In May ’63 when we knew were soon to move to Nairobi we began to look for a permanent home there. This was six months before independence, so there was a great deal of political and financial uncertainty. Capital investment was considered a gamble. Nevertheless, we were inclined to trust Jomo Kenyatta (the obvious kingpin) for democratic leadership in the inevitable independence. We bought a parcel of land in a higher part of Nairobi, hired Richard Hughes a British architect and put out bids for the house he/we designed. At that time there was little construction going on. To our surprise the winning bid for construction came from a small British firm, named Lang. Asian owned firms were usually more competitive. I wondered if Lang Co. had cut their profit to a minimum just to keep their skilled crew intact pending better times. They, Lang, went on to become one of the largest construction firms in the country. Our house site was on a hillside overlooking a valley which had been the site of Kenya’s original coffee plantation. In the near distance was downtown Nairobi and in the far distance, on a clear day one could see the snows of Kilimanjaro. My middle childhood home Lasit, had been on the foothills below those snows. Our Nairobi home later came to be known as the “Chalet” its roof line and balcony was designed in the style of Betty’s childhood chalet home in Switzerland (Chalet Gumfluh). This new home was spacious enough to enable us to enjoy hosting a variety of missionaries and development workers in from their far-flung projects. We often hosted small groups from Nairobi Baptist Church and AMREF.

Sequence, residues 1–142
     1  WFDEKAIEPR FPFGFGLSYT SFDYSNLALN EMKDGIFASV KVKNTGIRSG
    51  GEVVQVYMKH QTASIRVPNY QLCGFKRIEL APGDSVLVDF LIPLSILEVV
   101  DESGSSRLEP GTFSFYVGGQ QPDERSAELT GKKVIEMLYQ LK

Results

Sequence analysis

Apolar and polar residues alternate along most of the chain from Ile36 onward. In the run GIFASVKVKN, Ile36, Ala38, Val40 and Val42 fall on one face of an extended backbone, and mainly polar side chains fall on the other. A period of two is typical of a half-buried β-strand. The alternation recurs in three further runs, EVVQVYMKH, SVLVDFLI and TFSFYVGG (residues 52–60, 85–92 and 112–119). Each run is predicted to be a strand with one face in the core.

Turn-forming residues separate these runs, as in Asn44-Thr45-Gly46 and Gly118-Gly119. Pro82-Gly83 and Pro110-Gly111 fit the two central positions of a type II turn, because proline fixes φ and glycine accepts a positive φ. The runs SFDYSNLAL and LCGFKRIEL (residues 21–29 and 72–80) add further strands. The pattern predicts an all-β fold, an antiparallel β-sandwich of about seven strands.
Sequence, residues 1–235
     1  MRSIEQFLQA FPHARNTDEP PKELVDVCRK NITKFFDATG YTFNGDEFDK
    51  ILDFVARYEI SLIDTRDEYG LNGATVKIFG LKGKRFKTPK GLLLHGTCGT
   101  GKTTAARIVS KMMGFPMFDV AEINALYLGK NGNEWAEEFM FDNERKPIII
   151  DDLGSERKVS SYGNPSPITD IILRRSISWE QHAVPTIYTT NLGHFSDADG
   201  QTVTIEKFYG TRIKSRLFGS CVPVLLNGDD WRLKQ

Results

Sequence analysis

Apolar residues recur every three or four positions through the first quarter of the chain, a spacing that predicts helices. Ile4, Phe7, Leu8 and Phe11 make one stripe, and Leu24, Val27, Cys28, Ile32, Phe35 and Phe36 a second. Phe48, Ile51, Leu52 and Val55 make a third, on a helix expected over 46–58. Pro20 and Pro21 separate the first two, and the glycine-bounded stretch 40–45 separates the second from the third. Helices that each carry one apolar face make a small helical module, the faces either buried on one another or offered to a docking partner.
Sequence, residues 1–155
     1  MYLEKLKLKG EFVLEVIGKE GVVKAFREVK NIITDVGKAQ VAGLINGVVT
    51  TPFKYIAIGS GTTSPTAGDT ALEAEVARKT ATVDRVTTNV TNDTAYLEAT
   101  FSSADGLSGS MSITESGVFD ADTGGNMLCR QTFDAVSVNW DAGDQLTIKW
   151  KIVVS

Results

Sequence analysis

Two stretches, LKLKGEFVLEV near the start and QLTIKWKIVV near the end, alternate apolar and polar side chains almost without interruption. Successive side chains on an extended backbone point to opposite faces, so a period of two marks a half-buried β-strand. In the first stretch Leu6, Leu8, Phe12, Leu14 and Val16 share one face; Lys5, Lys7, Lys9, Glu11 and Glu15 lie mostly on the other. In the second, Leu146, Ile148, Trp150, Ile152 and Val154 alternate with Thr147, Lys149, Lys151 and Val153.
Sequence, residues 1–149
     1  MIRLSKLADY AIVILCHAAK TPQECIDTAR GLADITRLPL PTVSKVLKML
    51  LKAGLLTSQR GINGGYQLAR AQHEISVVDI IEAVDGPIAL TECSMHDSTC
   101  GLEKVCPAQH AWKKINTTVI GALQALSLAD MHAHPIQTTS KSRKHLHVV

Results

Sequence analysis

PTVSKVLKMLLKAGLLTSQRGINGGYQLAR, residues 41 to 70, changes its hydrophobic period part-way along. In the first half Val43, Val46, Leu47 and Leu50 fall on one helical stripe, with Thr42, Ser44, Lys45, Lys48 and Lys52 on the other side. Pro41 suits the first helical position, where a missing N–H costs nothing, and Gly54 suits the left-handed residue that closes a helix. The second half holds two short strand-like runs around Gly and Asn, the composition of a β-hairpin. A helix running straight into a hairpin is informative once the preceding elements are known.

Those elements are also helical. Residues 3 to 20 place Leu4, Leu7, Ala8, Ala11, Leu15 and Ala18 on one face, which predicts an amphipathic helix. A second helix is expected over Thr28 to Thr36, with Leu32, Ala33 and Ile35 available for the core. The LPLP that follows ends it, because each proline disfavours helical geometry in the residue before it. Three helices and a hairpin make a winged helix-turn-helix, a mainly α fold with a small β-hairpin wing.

We had a lot of input into the design of our new home. Betty had spent a decade of her youth in a large, traditional chalet at Chateaux d’Oex (see Chapter 2) in the mountains of Switzerland. I was born and educated at Kijabe on a 7,000’ shelf on the eastern wall of the Great Rift Valley. So “outlook” was an important factor in our choice of plot and of house design. The plot was on a fairly steep slope, so the view was unobstructed by any housing below us. We overlooked the city of Nairobi and beyond that the plains of Masailand and beyond that the snows of Kilimanjaro. We enjoyed a cumulative fifteen years in that house. It lent itself to a large family, and also in later years to a variety of friends involved in the development world.
- UHURU Kenya
While we had much involvement in UHURU (independence) celebrations in Tanzania (at rural Monduli), we were just spectators in Kenya’s UHURU celebrations in 1963. But the pageantry was there in full force. My impression was that the African public mood was benign and positive, not negative as in “GO HOME Brit!!” Much of course depended upon Jomo Kenyatta’s persona.